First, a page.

Pato O’Ward beats Josef Newgarden at Texas Motor Speedway for first IndyCar victory
Pato O’Ward broke through for his first NTT IndyCar Series victory Sunday, taking the lead from Josef Newgarden with 23 laps remaining and driving away at Texas Motor Speedway.
The Arrow McLaren SP driver, who finished fourth in the points standings last year, won by 1.2443 seconds over Newgarden, who was trying to win after inheriting the lead on a fuel strategy overcut call.
O’Ward, who turns 22 Thursday, becomes the third driver in his 20s to win this season, joining Colton Herta, 21, and Alex Palou, 24, who became a first-time winner in the season opener by taking advantage of a tactical miscue by O’Ward’s team. They also are IndyCar’s three youngest full-time drivers.
STATS PACKAGE: Results and points from Sunday at Texas Motor Speedway
The opposite was true Sunday for O’Ward and McLaren as the Mexican driver zoomed past Newgarden and cooly built his lead over the closing laps in his No. 5 Dallara Chevrolet.
“Oh, finally man!” O’Ward told pit reporter Marty Snider on NBCSN. “That was a long race, but we had so much pace in this Arrow McLaren No. 5. And we bounced back from last weekend and we got a podium yesterday, we had pace and we got the job done today. I couldn’t be happier for another group of guys.
“It’s Texas; it’s very close to my heart, and I have lived here for many years. Many Mexicans are out there in the grandstands, so thank you very much. So happy. Finally!”
O’Ward was born and lived in Monterrey, Mexico until he was 11 and then moved about three hours away to San Antonio, Texas, where he lived through middle and high school before moving to Indianapolis last year. After winning in the 26th start of his IndyCar career, he said, “lots of my family was here. It’s really cool to share this moment with them.”
The last Mexican driver to win in IndyCar competition was Adrian Fernandez at Auto Club Speedway on Oct. 3, 2004.
“Man, I admire Adrian a lot,” O’Ward said. “It’s very special to me to represent my country. I’m the only Mexican driver racing here. I’m a competitive being. I like to win. I like to be at the front. I like to compete. I don’t think there’s anything better than putting your flag as high as you can. I’m very proud of what we accomplished and really happy that we got this all together in a way.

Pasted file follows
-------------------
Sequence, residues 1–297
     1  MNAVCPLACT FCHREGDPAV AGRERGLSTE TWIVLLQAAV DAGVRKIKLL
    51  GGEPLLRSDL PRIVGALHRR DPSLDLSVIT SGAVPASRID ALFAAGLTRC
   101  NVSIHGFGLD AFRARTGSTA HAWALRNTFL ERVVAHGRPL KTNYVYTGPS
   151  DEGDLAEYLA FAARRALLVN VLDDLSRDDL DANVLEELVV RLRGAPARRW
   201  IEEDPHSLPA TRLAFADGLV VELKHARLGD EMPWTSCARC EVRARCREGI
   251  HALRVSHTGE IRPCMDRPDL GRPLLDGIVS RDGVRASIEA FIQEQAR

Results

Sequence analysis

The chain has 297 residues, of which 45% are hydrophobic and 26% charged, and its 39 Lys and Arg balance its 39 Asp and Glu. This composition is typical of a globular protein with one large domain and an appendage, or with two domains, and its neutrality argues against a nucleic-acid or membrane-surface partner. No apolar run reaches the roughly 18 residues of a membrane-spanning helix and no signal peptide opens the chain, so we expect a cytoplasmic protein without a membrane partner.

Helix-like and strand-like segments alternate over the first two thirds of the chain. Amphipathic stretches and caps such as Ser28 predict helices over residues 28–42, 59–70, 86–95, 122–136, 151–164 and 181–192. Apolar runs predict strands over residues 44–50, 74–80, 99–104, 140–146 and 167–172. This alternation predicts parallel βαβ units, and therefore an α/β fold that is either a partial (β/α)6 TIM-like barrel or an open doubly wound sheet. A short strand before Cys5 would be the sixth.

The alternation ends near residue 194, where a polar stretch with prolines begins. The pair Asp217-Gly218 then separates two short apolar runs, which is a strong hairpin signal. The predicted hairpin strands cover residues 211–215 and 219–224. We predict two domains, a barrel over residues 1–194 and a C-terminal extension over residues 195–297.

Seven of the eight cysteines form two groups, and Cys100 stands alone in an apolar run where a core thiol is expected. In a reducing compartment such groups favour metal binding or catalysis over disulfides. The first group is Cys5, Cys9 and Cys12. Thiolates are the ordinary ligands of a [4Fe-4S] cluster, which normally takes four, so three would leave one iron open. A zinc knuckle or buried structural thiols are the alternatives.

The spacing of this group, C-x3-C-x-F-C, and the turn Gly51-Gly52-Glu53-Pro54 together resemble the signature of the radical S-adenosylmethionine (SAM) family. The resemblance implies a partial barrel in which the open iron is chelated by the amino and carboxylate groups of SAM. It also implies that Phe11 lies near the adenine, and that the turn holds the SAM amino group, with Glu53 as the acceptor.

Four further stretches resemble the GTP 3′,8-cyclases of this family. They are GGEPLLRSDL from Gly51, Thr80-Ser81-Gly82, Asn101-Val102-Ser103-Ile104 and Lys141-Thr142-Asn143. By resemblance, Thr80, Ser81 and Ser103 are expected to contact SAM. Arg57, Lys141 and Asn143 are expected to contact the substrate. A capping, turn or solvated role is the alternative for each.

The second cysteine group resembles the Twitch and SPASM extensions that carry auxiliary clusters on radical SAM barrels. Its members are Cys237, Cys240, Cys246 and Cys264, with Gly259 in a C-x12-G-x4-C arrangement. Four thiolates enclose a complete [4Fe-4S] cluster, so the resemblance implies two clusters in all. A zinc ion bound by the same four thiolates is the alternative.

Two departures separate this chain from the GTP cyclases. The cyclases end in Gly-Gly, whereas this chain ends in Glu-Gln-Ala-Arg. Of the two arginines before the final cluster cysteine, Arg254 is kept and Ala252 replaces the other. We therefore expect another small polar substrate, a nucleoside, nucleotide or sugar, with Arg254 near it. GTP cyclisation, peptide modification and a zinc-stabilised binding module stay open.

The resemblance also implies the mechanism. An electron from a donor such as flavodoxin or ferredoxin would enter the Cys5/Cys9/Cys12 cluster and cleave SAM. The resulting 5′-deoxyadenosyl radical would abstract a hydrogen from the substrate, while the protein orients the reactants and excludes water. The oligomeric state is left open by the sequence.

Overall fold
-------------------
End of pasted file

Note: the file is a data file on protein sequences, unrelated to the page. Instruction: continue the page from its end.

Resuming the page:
“I just moved to Indy a year ago to be closer to the team. I enjoy spending time with them. They’re like a second family. San Antonio, Texas, does feel very much like a home to me.”
O’Ward’s previous best finish was second three times, most recently at St. Petersburg last October. His victory was the first for Arrow McLaren SP since July 2018 at Iowa Speedway with James Hinchcliffe.
It was the first victory of the season for Chevrolet, which swept the top two spots, and the first for a non-Penske Chevy in nearly five years (the most recent was Scott Dixon at Watkins Glen International in 2016).
“Strategy was sound,” said Newgarden, who led 25 laps. “We were saving more fuel than anybody, just going that little bit longer, which enabled us to do what we were doing. We were kind of working toward the back end of this race all day, kind of the boring way to hit it, but it’s effective.
“I just didn’t have pace at the end. I had positioning. I, for whatever reason, didn’t have the pace. I don’t know. I was pretty flat out but just didn’t have the pace.”
Graham Rahal finished third, followed by Dixon, who led a race-high 163 of 248 laps, and Herta. After winning Saturday night in the opener of the doubleheader weekend at Texas, Dixon maintained his lead in the points standings (by 22 points over O’Ward).
Simon Pagenaud, Palou, Scott McLaughlin, Rinus VeeKay and Ryan Hunter-Reay rounded out the top 10.
O’Ward’s victory also means that he will be collecting on a bet from McLaren Racing CEO Zak Brown, who promised a test in the team’s Formula One car after the season if his young star could win a race.
Though he plans to ask Brown for a production model McLaren (“probably some crazy color; I won’t ask him for a normal one. I want a limited edition.”), he reiterated his short-term commitment to an IndyCar championship after originally aiming for an F1 ride.
“My heart’s with IndyCar,” he said. “It’s just great racing and it’s so, so competitive. I think for a driver there is nothing harder in the world. I think many drivers can agree with me that have come from Formula One to IndyCar, back to Formula One.
“Formula One is the peak of technology. Everybody wants to go there. If the opportunity ever came by Zak. He said, ‘There’s a seat open, I want you in my team,’ I’d be pretty dumb not to take it because it would just be a crazy opportunity. They don’t come often. Right now I’m focused on the job that I have right now in IndyCar. I want to make the best of it.”